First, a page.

Rebels claim control of Syrian helicopter base near Damascus
Syrian rebels capture a helicopter air base near the capital Damascus, Syria, on Sunday, Nov. 25, 2012. (Ugarit News via AP video)
The Associated Press
Published Sunday, November 25, 2012 9:58AM EST
Last Updated Sunday, November 25, 2012 4:56PM EST
BEIRUT -- Syrian rebels captured a helicopter base just outside Damascus Sunday in what an activist called a "blow to the morale of the regime" near President Bashar Assad's seat of power.
The takeover claim showed how rebels are advancing in the area of the capital, though they are badly outgunned, making inroads where Assad's power was once unchallenged. Rebels have also been able to fire mortar rounds into Damascus recently.
The director of the Britain-based Syrian Observatory for Human Rights, Rami Abdul-Rahman, said rebels seized control of the Marj al-Sultan base on the outskirts of Damascus on Sunday morning. He said at least 15 rebels and eight soldiers were killed in the fighting that started a day earlier. The rebels later withdrew from the base.
Rebels appear to be trying to take over air bases and destroy aircraft in order to prevent the regime from using them in attacks against opposition forces around the country.
The rebels have no protection against the attack helicopters and fighter jets that have been blasting their positions.
Rebels have been attacking air bases in different parts of Syria, mostly in the northern regions of Idlib and Aleppo.
In the battle at the base outside Damascus, Abdul-Rahman and Damascus-based activist Maath al-Shami said rebels destroyed two helicopters with rocket propelled grenades and captured a tank. They say the base, which is on the eastern outskirts of Damascus, houses several radar positions.
"This is a blow to the morale of the regime, because it is close to the heart of the capital," said Abdul-Rahman, referring to the base that is about 15 kilometres (10 miles) from Damascus.
Al-Shami said the rebels withdrew from the base after they captured some ammunition. He said they feared counterstrikes by regime aircraft.
An amateur video posted online showed rebels walking next to two destroyed helicopters. At least three other helicopters appeared undamaged. Black smoke billowed in the distance.
Another video showed several radar posts on hills inside the large compound. Parked military trucks stood inside as rebels roamed freely.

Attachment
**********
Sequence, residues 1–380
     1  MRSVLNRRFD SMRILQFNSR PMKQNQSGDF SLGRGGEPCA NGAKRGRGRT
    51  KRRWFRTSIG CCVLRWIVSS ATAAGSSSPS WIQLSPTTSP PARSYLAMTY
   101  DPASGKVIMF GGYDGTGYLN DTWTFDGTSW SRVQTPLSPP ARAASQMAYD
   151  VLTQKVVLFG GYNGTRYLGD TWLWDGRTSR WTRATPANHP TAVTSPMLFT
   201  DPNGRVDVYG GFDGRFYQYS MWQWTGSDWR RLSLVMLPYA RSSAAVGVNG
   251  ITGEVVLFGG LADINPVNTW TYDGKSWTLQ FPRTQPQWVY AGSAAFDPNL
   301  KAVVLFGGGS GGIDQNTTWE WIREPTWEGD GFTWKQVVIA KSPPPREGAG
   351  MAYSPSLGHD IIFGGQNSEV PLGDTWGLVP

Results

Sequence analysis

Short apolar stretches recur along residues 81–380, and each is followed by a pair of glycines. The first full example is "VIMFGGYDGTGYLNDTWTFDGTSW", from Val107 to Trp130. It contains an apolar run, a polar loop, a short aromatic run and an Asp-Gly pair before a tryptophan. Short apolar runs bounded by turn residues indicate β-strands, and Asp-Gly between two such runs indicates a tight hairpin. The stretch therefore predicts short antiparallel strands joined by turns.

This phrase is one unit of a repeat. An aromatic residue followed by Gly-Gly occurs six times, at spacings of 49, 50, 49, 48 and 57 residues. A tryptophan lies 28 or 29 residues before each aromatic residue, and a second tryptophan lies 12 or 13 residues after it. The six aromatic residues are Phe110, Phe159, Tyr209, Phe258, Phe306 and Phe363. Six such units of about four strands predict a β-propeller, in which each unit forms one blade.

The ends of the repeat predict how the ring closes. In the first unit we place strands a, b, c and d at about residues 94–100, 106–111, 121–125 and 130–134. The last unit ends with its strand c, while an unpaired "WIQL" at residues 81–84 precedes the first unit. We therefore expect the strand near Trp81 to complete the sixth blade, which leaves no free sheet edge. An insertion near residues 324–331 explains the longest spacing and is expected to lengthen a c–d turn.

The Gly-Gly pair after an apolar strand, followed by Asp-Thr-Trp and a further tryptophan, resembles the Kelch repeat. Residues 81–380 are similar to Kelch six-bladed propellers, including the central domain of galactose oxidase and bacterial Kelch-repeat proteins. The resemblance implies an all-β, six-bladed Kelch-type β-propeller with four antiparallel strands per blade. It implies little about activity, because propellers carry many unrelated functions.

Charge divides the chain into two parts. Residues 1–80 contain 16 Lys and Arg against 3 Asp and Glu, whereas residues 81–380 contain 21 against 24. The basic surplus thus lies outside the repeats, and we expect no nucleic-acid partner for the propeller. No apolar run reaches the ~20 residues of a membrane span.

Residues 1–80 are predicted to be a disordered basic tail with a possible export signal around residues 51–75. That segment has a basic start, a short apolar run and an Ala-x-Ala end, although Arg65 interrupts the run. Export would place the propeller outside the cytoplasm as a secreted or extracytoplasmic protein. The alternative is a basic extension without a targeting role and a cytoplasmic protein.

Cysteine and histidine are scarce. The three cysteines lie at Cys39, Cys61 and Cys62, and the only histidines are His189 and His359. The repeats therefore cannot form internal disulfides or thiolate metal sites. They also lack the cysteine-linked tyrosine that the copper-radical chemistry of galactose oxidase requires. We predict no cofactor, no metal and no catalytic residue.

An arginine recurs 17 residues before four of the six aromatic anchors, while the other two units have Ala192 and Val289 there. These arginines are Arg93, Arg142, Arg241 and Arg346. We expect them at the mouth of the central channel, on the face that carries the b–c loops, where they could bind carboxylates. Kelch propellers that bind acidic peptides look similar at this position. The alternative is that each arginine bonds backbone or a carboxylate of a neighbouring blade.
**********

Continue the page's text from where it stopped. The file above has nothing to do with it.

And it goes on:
The activist videos appeared genuine and corresponded to other AP reporting about the events depicted. Syria restricts the access of reporters.
The Observatory also reported violence in other parts of Syria, including the country's largest city of Aleppo in the north and the capital itself.
It said rebels on Sunday captured a training base for the Popular Front for the Liberation of Palestine-General Command near the Damascus suburb of Douma. The PFLP-GC is one of the Palestinian factions most loyal to Assad.
The PFLP-GC said in a statement late Saturday that the base was under attack. It said that thousands of activists and fighters who fought against Israel were trained at the base over the past 30 years.
Also Sunday, the Observatory said a bomb targeted a bus in the southern village of Othman, killing at least five people and wounding dozens. It said rebels and troops clashed in the southern region of Quneitra on the edge of the Israeli-occupied Golan Heights.
The Local Coordination Committees, another activist group, said residents found 12 bodies in the Damascus suburb of Daraya, scene of heavy clashes between rebels and government troops over the past few days.
State TV said troops clashed with al-Qaida militants in Daraya, killing some of them and confiscating a mortar that they were using in their attacks.
The station said that troops killed an al-Qaida affiliated Palestinian militant known as Abu Suhaib in the Damascus suburb of Hajira. It said his group was behind several bombings in Syria that killed and wounded dozens of people.
Assad's regime blames the revolt on a foreign conspiracy. It accuses Saudi Arabia and Qatar, along with the United States, other Western countries and Turkey, of funding, training and arming the rebels, whom it calls terrorists.
Syria's conflict erupted in March 2011 with an uprising against President Bashar Assad's regime, inspired by other Arab Spring revolts. It quickly morphed into a civil war that has since killed more than 40,000 people, according to activists.